Cats are obligate carnivores which means they need nutrients that can only be found in animal products. Look for commercial cat foods that list real meat as the first ingredient. The following four ingredients should also be high-quality as they will be found in higher quantities in your cat’s food than items found lower on the ingredient list.
If your DMH has certain health conditions, you should inquire with your vet to learn what the best diet will be for their specific needs. Cats who are overweight, for example, will need a calorie-controlled diet to prevent obesity. Those who are diabetic will need a diet higher in protein and lower in carbohydrates.
Exercise is an important component of cat care that a lot of owners don’t think about. Not only does physical activity satisfy your cat’s natural hunting instincts, but it’s great for keeping them at a healthy weight and ensuring they have a healthy outlet for their energy levels.
Many DMH cats are playful and energetic, though not all of them will have these personality traits.
Every household with cats should have at least one cat tree for their kitties for climbing and playing purposes.
You should also invest in a few different kinds of cat toys to see which work best with your cat’s personality. Some love feather wand toys, while others go buck wild for springs or balls. Some will turn their noses up at electronic toys, while others can’t get enough of them.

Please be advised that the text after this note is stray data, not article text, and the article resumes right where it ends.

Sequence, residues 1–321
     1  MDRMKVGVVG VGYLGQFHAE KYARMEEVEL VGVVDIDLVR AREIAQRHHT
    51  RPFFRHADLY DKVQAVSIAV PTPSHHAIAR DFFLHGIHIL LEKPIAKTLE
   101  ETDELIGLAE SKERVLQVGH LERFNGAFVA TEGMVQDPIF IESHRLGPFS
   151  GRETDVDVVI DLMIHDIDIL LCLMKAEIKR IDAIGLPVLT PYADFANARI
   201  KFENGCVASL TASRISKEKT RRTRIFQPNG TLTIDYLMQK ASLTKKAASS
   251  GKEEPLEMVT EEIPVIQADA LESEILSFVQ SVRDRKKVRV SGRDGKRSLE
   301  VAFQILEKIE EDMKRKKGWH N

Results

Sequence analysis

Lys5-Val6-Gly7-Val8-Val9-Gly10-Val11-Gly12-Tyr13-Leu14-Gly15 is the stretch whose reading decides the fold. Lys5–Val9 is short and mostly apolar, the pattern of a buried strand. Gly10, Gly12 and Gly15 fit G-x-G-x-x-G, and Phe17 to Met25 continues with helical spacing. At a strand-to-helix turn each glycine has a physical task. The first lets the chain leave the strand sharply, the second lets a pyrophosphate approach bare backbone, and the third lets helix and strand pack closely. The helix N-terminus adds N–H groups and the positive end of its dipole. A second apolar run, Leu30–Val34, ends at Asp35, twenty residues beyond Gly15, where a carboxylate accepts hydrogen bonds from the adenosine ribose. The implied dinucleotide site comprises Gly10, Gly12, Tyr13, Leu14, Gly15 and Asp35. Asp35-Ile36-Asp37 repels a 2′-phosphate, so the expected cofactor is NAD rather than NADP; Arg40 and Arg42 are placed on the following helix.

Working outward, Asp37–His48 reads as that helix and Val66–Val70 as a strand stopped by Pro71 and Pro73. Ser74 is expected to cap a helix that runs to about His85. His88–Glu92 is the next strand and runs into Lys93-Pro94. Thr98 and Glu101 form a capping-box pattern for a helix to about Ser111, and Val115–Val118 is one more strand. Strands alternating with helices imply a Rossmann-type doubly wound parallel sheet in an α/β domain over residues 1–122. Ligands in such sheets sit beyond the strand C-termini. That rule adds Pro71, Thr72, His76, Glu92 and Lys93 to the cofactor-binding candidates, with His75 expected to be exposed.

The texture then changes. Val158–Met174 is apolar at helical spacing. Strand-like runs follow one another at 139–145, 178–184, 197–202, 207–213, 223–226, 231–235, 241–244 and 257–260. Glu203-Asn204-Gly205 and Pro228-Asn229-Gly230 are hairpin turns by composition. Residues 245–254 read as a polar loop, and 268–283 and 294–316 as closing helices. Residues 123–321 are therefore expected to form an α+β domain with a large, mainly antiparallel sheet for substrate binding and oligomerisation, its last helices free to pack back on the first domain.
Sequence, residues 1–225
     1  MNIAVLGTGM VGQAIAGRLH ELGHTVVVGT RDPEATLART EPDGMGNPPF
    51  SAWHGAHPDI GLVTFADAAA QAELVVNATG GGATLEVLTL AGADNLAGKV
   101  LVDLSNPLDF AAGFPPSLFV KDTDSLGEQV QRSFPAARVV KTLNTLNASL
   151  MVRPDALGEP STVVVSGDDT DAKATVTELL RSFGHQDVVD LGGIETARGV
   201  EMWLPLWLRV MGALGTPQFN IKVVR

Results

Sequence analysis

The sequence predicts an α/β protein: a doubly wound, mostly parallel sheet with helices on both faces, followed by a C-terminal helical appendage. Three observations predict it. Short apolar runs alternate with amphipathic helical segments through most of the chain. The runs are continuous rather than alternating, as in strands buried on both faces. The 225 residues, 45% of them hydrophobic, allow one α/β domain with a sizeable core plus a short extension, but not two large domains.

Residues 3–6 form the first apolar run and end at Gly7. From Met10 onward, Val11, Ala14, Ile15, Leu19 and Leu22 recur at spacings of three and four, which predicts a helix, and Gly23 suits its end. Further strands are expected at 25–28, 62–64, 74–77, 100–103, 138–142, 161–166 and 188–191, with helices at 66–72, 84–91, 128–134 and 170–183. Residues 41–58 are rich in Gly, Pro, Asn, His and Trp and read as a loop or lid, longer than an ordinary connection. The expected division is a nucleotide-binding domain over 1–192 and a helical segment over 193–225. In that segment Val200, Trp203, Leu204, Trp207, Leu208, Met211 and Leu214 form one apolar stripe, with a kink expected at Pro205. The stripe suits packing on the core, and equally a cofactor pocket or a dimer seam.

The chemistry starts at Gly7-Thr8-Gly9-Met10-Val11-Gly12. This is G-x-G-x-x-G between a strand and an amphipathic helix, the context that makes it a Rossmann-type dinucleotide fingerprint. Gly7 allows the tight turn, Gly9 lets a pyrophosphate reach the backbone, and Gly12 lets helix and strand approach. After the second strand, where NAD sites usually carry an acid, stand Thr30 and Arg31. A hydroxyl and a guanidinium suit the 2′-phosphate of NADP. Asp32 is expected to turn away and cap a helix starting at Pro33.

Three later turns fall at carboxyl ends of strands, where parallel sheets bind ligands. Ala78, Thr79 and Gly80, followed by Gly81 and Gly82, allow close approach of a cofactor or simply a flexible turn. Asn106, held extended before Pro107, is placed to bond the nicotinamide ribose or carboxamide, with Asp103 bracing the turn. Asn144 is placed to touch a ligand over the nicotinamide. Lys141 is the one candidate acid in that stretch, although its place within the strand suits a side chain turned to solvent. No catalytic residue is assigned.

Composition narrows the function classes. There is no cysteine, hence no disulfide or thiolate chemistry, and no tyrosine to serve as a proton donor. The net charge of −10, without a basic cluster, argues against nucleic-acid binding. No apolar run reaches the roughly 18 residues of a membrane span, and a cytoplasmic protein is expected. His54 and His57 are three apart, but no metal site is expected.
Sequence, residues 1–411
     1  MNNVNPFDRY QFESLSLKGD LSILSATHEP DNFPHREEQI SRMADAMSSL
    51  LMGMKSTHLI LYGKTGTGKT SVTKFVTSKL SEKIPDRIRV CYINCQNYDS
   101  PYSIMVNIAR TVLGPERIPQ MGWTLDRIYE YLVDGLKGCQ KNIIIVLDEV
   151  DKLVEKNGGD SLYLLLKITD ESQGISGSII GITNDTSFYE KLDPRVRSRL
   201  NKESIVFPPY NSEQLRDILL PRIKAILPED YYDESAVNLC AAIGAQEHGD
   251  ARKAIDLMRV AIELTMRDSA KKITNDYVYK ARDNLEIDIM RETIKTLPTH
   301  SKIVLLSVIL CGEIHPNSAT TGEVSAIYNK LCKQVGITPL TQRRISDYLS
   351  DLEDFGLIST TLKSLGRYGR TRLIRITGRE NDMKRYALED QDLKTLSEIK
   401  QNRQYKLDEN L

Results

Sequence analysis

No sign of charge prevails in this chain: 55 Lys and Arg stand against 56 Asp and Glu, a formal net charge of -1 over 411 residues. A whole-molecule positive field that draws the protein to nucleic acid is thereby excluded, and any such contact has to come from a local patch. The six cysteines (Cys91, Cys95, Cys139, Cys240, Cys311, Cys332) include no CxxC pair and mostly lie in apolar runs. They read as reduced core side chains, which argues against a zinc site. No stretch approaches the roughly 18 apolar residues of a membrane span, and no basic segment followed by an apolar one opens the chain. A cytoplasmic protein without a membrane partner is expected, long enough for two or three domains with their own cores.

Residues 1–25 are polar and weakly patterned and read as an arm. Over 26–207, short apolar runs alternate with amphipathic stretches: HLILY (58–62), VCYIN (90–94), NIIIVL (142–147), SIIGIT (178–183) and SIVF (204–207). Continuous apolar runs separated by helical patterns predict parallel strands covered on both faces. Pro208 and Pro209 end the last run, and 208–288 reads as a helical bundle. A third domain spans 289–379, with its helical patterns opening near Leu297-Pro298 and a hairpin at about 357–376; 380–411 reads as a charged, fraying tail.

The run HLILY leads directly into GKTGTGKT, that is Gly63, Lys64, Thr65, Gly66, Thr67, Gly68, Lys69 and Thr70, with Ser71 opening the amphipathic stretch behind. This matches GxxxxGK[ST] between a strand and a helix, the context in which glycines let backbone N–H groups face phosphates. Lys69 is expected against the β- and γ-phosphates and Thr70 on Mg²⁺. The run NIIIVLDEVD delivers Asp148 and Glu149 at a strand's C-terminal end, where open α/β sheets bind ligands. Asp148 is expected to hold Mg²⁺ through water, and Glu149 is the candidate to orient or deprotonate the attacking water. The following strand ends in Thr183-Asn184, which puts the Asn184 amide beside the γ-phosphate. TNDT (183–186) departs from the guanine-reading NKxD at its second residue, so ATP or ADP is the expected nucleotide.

Set aside a few minutes every day to play with your cat, especially if they don’t have a playmate in other household pets.
DMH cats can be highly trainable, but not all of them are. Their trainability will depend on their individual personality traits. If you happen to adopt an easygoing and excessively intelligent DMH kitten, you’ll find that training them shouldn’t be very difficult. They can learn to play fetch and perform other tricks with the right motivation (hint: treats).
If you find your DMH cat isn’t as easy to train as you expected, don’t give up. Even the most stubborn of cats can be trained with a little (or a lot of) patience.
The grooming needs of the DMH cat are not as demanding as they are for their long-haired cousins, but you will still need to perform your duties as a cat parent by assisting them with grooming weekly.
Since DMHs have a thick, double coat, they’ll need to be brushed at least once a week to prevent tangles, skin irritation, and fur matting. You may need to commit to more regular brushings during shedding season.
Proper grooming can also reduce how many hairballs your cat ingests. Hairballs aren’t only an inconvenience for you, but they can pose a serious health threat if they grow too large and cannot be regurgitated.
Health and Conditions 🏥
Unlike some pedigreed cat breeds, the “mutt” domestic shorthair cat is not prone to any particular health condition specifically based on their genetics. As with any other cat breed, though, there are some conditions you should be on the lookout for.
Obesity is an extremely common condition in cats with an upwards of 50% of cats between five and 11 considered to be obese. Luckily, this is one health condition that is entirely preventable. When given unlimited access to food, many DMH will wind up consuming much more food than they need. Obesity can shorten your cat’s lifespan as well as put them at risk of serious health conditions like cancer, diabetes, and osteoarthritis.
Chronic Kidney Disease (CKD) is another common ailment often seen in older cats (+7 years). Estimates suggest that around over the age of 15 will develop symptoms of CKD. This condition is progressive and begins with subtle and mild symptoms that can often go unnoticed. As it worsens, you might notice your kitty is losing weight, excessively thirsty, urinating often, and not eating as much.